Trace Lysette: “I didn’t really have a lot of skills for life. I didn’t go to college and I had a rough adolescence with all of the gender stuff. So I fought my way through high school and ended up living in New York. I was stripping in the nightclubs when a guy friend of mine who was an actor was like, ‘You know, you can’t do that forever’, and I was like, ‘I know! I just don’t know how to get out of the life.’ Then he said, ‘You have a lot of potential, why don’t you take an acting class?’ That was around 2007 and I started taking the money I got from swinging on a pole and putting it into acting classes. I kept bouncing around from different acting studios and thought of it like a musical instrument or something that you need to keep practicing on and putting the work in with. I started thinking, ‘okay, this is a part of me too. Maybe it’s a hobby, maybe it’s a dream. I’m not really sure, but let me just stick with it’. It wasn’t until 2013 that I booked a little indie and then I booked my first big TV job, which was Law & Order: Special Victims Unit.”

If you’re an actor starting out in New York and you get on Law & Order, you know you’re on the right path!

“Exactly, you have to do Law & Order, it’s a rite of passage! You must play a sex worker or a murder victim on Law & Order!”

Is that what your character was?

“I didn’t die, but I was a sex worker named Lila.”

Trace Lysette as Monica in Andrea Pallaoro’s Monica. Courtesy of IFC Films.

You first read the script for Monica in 2016 and then finally shot the film in 2021. Why did you remain so passionate about it and dedicated to making it over all those years?

“It’s a really important story. Also, it’s not every day that an actor gets to play the title character and I think it’s even more rare for trans actors. So I was here for them whenever they needed me. I wasn’t going to give up on this baby.”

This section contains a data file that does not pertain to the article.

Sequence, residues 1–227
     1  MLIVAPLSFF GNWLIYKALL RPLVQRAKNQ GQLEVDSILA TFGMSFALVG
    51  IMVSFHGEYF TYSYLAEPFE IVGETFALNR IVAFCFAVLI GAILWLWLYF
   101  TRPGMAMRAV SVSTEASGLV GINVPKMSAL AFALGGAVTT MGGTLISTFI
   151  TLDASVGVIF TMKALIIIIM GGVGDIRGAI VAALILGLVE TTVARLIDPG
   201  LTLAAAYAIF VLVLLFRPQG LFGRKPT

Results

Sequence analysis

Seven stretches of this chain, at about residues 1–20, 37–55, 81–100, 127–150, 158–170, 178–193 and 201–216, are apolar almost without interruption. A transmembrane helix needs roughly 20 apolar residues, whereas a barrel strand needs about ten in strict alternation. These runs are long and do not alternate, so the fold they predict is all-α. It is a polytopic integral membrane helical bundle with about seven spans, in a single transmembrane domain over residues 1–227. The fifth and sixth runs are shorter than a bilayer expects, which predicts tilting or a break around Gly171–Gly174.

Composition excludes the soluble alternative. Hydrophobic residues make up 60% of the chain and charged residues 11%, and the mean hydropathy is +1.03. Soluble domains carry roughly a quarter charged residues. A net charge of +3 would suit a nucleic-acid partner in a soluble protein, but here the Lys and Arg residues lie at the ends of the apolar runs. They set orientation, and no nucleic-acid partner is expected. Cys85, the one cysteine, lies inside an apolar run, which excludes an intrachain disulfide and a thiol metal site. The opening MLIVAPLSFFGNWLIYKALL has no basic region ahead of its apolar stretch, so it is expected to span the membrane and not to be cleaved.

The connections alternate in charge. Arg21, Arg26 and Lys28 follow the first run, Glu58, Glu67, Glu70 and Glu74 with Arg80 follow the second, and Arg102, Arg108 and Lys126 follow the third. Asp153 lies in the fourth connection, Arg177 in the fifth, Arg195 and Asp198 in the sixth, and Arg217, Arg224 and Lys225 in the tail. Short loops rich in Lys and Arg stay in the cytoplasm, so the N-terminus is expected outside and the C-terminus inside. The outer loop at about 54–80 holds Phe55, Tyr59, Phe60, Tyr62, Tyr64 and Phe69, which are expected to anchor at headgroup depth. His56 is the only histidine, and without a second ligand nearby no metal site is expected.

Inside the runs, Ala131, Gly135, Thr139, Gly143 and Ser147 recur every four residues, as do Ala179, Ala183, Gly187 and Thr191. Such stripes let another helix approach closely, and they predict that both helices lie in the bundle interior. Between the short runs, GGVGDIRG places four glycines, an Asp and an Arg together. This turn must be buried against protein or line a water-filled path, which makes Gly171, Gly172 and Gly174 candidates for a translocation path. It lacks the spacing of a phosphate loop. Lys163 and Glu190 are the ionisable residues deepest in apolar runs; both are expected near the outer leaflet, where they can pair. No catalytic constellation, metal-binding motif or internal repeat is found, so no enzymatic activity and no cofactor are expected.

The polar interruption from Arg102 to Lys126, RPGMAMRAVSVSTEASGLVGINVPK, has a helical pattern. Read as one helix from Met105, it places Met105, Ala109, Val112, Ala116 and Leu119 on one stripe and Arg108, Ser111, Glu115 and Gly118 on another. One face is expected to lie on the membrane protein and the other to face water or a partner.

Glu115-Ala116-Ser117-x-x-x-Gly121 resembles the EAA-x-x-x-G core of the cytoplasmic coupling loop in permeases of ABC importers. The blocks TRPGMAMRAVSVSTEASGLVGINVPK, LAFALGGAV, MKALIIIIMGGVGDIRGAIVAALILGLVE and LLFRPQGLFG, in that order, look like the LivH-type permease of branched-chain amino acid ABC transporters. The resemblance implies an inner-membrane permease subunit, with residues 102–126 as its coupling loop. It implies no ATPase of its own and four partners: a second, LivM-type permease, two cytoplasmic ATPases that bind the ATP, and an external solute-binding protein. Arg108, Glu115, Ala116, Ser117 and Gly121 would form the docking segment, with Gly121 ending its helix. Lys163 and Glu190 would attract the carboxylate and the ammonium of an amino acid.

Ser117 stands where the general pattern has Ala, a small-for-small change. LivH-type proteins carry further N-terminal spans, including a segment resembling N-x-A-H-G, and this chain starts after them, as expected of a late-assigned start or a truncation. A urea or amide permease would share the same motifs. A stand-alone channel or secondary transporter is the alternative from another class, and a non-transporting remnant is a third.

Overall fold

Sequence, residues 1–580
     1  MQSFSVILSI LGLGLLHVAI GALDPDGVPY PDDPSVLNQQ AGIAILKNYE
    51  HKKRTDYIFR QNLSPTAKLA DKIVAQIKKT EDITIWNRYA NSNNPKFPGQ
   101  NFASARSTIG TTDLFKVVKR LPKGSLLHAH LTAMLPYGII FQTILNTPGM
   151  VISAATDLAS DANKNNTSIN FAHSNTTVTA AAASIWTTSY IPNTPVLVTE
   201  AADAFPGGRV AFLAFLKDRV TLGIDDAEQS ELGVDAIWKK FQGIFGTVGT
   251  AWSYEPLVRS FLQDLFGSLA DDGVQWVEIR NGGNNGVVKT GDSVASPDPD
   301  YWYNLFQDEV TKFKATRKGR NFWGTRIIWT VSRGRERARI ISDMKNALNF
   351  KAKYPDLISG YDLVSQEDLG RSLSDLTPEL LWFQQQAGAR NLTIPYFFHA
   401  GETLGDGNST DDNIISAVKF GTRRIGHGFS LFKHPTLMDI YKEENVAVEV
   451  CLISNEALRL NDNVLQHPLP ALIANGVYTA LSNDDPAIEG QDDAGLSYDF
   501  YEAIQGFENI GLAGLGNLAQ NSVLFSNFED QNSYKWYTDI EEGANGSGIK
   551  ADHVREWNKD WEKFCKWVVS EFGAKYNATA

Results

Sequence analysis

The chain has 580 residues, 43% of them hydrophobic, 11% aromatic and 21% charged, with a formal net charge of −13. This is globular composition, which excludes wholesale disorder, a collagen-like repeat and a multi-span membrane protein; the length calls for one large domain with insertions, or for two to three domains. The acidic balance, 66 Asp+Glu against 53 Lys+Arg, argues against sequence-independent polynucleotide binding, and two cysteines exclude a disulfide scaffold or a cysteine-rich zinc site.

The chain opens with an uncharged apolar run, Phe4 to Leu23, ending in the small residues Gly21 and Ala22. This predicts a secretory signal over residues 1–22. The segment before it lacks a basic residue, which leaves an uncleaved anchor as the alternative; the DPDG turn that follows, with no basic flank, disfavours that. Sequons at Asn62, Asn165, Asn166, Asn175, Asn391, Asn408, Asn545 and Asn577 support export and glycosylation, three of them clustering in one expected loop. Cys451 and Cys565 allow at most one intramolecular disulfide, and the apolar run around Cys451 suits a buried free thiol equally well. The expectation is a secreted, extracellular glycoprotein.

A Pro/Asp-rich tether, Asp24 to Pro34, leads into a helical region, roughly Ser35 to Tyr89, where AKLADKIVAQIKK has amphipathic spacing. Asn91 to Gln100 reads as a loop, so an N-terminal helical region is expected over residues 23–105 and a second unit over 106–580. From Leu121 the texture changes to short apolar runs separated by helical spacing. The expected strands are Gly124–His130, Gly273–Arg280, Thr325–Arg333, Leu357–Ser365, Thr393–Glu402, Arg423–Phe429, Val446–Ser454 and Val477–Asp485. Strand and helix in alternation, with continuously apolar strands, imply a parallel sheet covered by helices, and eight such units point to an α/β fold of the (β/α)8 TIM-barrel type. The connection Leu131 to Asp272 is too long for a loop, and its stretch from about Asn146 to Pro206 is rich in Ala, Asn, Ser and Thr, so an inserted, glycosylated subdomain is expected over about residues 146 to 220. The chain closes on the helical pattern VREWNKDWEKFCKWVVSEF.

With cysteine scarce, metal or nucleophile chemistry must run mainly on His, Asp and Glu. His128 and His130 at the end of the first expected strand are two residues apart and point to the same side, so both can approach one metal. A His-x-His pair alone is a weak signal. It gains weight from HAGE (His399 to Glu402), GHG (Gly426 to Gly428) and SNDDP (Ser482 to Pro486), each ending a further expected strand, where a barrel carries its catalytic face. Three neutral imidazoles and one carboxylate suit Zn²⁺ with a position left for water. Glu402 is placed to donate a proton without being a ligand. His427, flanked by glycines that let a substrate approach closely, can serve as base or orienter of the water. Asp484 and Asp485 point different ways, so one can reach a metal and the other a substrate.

Trace Lysette as Monica in Andrea Pallaoro’s Monica. Courtesy of IFC Films.

Why was Monica a character that you wanted to breathe life into?

“I thought she was special and she represented so many of us, with the parallels in her story to mine and to the stories of my girlfriends. Also, the rareness of a character like this made me feel like I had to leave it all on the floor, that I had to leave my soul in Cincinnati. I just gave it everything that I had. We shot in 2021 in the summertime in Cincinnati, so that was a full circle moment, because I grew up about 45 minutes north in Dayton. We actually shot the hotel scene where I’m getting out the shower and injecting the hormones in Dayton itself. I was born in Lexington, Kentucky and we shot the bar scenes right there. All of that made it even more special and made me want to breathe even more life into her.”

Trace Lysette as Monica in Andrea Pallaoro’s Monica. Courtesy of IFC Films.

One of the really special things about the movie is that although it does centre a trans character and it feels authentic to her experience, it’s not about her being trans.

“Thank God for that! We’ve seen enough transition stories, it’s like we’ve been beaten over the head with them. There are so many trans people out here who have lived these full-bodied lives who are the ones we need to be speaking to the most, our trans elders; people who have lived this way for 20 years-plus, like me and my generation. There’s so much wisdom out there that’s being disregarded and they’re probably the wisest people in our society because they’ve seen the world through a different lens and they’ve seen so many different things. Trans people who have been in this life for a long time are anointed and so special to me, and I think that’s part of the reason why I love Monica so much.”

Trace Lysette as Monica in Andrea Pallaoro’s Monica. Courtesy of IFC Films.

You’ve also spoken about the way that the film is able to humanize a trans story, which should not be something that’s necessary in the first place, but unfortunately here we are in 2023 when that’s something that is urgently needed.